Read our full review of the Stampede Sprinter.

Price & Where to Buy:

Frog 48



Frog is a UK bike company and their bikes just became (more easily) available in the U.S.  My son is in love with the Frog 48, their 16″ bike, and it is currently his go-to choice.  The bike comes standard with fenders (not pictured here) and two sets of tires–slick and knobby.

Read my full review of the Frog 48 for more info.

Price & Where to Buy:

Spawn Banshee

Spawn Banshee

If you’re the kind of family who likes hitting up the bike park on the weekends, the Spawn Banshee is the right bike for your child.  The Banshee is a real mountain bike with a lightweight build, dual handbrakes, and quality components.

Price & Where to Buy:

ByK E-350

ByK E-350

The ByK E-350 is unique in that it is sized like a 16” bike but actually has 18” wheels.  This can be a plus as larger wheels make it easier to roll over obstacles and to go fast.  The E-350 has dual handbrakes AND a coaster brake.

Price & Where to Buy:

Ridgeback Dimensions 16

Ridgeback Dimensions 16

For “road cyclists in training,” the Ridgeback Dimensions is a perfect choice.  It is fast,  aggressive (but not overly so) geometry, and comes in bright, fun colors.

Price & Where to Buy:

How to Choose

So I gave you a list of all the good bikes on the market, but how do you know which one is best for your child?  Consider these factors, and then use the comparison chart below to help you choose.


Each child is different. For instance, my son and his cousin who are only a few months apart are nearly six inches apart in height. Therefore, it is really very important to measure your child before buying a bike. What may fit one child at 4 may not fit another until 5. Some of the bikes on this list may even be too small for your large 6 year old.  For details on how to measure your child, read this article.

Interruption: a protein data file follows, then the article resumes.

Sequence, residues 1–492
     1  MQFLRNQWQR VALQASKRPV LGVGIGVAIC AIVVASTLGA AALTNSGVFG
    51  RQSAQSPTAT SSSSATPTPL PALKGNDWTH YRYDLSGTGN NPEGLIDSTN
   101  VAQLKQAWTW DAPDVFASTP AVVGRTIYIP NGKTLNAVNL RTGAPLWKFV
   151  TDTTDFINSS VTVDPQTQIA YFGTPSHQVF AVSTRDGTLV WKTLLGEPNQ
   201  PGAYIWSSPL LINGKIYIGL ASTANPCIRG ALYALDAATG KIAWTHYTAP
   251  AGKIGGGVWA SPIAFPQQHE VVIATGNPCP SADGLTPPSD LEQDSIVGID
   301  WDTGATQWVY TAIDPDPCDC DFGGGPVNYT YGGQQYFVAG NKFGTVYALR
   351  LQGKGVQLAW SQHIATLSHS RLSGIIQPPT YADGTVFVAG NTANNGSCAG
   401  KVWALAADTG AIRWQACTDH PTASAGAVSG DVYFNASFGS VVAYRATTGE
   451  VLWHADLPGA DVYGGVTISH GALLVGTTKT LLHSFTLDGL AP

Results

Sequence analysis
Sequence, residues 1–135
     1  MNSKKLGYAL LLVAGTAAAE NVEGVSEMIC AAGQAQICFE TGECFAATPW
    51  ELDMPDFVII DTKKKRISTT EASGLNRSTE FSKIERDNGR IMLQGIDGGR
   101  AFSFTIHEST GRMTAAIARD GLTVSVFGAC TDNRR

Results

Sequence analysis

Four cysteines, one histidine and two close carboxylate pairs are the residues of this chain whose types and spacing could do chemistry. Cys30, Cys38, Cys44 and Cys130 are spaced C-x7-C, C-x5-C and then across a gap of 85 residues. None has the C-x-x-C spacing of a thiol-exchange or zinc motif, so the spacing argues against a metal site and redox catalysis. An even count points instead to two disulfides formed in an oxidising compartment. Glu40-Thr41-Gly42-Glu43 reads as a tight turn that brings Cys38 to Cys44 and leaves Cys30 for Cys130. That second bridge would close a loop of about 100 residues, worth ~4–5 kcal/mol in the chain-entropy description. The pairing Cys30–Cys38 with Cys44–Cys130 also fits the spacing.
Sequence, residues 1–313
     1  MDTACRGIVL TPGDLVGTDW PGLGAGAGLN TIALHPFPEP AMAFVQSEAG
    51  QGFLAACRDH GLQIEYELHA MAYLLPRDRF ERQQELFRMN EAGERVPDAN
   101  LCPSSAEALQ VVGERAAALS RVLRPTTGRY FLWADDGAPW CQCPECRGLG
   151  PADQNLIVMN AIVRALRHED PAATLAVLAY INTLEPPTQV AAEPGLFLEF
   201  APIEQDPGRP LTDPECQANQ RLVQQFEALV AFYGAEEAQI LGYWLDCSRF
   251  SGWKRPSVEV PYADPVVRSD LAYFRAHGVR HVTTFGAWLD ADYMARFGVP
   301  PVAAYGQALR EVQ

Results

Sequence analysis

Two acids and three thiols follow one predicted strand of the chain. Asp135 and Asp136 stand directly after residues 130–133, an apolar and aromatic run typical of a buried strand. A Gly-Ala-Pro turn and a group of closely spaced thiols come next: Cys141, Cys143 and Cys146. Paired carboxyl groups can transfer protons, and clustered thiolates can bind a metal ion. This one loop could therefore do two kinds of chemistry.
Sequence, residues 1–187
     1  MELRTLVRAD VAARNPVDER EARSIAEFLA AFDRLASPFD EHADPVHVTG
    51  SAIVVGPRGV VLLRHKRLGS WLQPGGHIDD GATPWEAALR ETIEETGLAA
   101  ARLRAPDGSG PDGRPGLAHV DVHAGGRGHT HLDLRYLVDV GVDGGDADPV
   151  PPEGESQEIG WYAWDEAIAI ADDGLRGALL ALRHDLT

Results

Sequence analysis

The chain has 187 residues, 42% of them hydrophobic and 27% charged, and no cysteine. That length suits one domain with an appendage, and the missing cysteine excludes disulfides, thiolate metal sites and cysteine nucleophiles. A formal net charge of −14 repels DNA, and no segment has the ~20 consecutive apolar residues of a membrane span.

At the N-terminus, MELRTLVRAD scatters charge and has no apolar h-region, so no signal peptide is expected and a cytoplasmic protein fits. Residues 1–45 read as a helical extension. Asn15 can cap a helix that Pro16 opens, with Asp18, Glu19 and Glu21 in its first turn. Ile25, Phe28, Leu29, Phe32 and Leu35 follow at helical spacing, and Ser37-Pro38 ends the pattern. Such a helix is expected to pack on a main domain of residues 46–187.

For maximum comfort and stability, I recommend that their inseam be at least as long as the minimum seat height. While technically their inseam can be slightly shorter than the minimum seat height (it will fit on their tippy-toes), kids this young who are just learning to ride do best if they can put their feet flat on the ground.


After ensuring a bike is the right size, the next most important thing to consider is the weight. When comparing two bikes, I will always pick the lightest one. It makes a huge difference in a child’s enjoyment level and in how long they can ride. Look for a bike that is no more than 30% of your child’s bodyweight (tough isn’t it)? Of all the bikes on my list, the Woom 3 is the lightest, followed closely by the Early Rider Belter.


Unfortunately, just like most things in life, the more you spend on a bike the better quality it is going to be. The good news is that when you buy a high-quality bike, like any of those on our Top 5 list, it will last thru several children. This makes it a good investment if you have younger kids it can be passed on to or to sell on Craiglist.


I’m a huge proponent of teaching children to use hand brakes and bypassing coaster brakes. I’m at a point now where I won’t even put my son on a bike with a coaster brake, or teach another child to ride using one. To decide whether a freewheel or coaster brake set-up is best for you, and more about both options, read this detailed article I’ve written.

Training Wheels